Business success is built on what I like to call a Shampoo Strategy. We find a formula, a business model that works, and then we rinse and repeat. It’s the way all wealth is created in the modern economy. We discover a process, service or product which has perpetual demand and we continue to deliver this to the same people again and again and again. The only problem is when to change the formula?
Shampoo Strategies are the type of business outcome any profit centric capitalist should be aiming for. We turn something from an idea into a system which makes money with very few changes to inputs. It’s essentially when we’ve cracked it. Ironically, the Shampoo Strategy is exactly where disruption comes from.
We develop a system which becomes its own thing. It operates on a kind of auto pilot and is highly profitable. Costs continue to go down while margins go up, and we end up serving the system, and losing track of why it worked in the first place. The reason it worked is usually because the formula, the customer and the business model all overlapped in a way that suited the market. But as markets evolve, yesterday’s formula may become less effective, sometimes seemingly overnight. But when we look hard, the signs of deceptive disruption are always there long before that ‘overnight‘ moment.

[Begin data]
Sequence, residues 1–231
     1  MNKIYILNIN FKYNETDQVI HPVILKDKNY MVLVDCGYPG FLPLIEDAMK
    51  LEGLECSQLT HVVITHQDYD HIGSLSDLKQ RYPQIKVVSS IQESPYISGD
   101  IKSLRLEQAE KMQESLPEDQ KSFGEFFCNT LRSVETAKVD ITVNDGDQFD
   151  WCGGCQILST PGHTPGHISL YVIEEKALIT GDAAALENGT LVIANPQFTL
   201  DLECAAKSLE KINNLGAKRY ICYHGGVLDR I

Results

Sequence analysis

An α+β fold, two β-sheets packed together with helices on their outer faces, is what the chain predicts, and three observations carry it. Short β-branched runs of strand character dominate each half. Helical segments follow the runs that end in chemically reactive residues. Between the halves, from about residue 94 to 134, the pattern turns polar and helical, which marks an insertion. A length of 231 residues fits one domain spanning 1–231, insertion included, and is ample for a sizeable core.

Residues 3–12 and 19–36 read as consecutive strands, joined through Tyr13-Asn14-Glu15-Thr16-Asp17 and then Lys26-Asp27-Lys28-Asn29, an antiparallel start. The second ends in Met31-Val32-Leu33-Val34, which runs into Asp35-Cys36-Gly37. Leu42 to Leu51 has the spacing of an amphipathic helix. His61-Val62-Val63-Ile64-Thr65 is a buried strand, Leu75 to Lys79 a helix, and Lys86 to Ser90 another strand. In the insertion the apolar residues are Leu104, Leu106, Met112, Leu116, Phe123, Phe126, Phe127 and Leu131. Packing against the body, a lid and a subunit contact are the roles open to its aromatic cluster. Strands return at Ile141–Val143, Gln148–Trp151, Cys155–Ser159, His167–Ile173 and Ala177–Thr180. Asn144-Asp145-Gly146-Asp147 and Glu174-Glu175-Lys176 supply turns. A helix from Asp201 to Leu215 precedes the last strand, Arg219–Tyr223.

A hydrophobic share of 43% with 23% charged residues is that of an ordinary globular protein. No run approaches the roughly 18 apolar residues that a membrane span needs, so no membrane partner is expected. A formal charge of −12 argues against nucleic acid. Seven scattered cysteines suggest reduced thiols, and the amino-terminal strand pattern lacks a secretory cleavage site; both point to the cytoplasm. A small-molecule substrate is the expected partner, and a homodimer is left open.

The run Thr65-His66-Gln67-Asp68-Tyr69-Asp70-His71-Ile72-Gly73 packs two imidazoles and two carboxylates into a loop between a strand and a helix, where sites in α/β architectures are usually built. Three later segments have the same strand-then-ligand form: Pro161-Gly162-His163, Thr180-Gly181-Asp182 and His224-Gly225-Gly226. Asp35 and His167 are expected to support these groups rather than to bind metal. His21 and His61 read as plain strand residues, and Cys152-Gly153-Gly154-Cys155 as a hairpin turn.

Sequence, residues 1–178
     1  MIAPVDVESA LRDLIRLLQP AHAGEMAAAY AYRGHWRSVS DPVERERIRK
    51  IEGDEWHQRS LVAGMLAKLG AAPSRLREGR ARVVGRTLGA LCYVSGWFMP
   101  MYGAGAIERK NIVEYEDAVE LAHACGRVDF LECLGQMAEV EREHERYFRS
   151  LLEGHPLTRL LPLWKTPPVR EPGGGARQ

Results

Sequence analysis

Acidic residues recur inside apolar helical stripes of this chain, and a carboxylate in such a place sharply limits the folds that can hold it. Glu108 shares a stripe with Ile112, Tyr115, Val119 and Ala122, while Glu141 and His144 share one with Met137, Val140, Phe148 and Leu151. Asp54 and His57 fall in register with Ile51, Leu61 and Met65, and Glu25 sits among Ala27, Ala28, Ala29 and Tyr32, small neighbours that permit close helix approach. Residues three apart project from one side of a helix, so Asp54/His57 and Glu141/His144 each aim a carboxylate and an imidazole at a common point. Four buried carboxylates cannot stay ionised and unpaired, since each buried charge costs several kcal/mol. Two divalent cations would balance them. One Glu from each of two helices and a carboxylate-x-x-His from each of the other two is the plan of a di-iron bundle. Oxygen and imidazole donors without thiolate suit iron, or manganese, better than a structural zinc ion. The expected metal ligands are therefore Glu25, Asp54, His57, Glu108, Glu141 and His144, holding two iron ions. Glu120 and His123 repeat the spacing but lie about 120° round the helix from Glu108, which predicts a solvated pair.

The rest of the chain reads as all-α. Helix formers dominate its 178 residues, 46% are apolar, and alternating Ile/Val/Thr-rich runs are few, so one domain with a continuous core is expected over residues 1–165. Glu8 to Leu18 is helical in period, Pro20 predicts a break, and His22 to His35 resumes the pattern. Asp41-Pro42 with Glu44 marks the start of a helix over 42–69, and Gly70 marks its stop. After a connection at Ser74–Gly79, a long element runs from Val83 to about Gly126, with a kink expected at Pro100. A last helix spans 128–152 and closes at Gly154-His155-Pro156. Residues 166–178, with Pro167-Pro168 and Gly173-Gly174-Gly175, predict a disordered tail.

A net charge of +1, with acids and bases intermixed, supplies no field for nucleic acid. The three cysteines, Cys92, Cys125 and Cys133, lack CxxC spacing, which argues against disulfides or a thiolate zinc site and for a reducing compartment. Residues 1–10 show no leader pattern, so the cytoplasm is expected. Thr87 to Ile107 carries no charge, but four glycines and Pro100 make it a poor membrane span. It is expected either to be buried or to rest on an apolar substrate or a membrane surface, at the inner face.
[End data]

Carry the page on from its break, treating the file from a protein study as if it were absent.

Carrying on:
So what should we do to understand if our formula is about to stop working? Well, it’s rarely one thing on its own, but the way a few things interact. I break them into 3 parts.
The Technology: Questions to ask here include: How the problem gets solved and how can tech change that, reduce costs, or change the method of delivery?
The Business Model: Are people still prepared to pay for what we deliver? Can they serve that need more economically elsewhere? Can we increase our margin or reduce our price with a new emerging technology?
Demand: Is demand for what we do solid, shifting or waning. How can we shift with it? Is the solution just shifting? e.g. digitization of news. Or is the market in perpetual decline? e.g. coal fired power plants.
Finally, how do these three things interact to create a new formula for tomorrow’s rinse and repeat?
The one thing to remember with the Shampoo Strategy is that they never work forever, but new formulas can always be invented. And new formulas only ever get invented by those paying attention to the market, more than they pay attention to what they make or sell.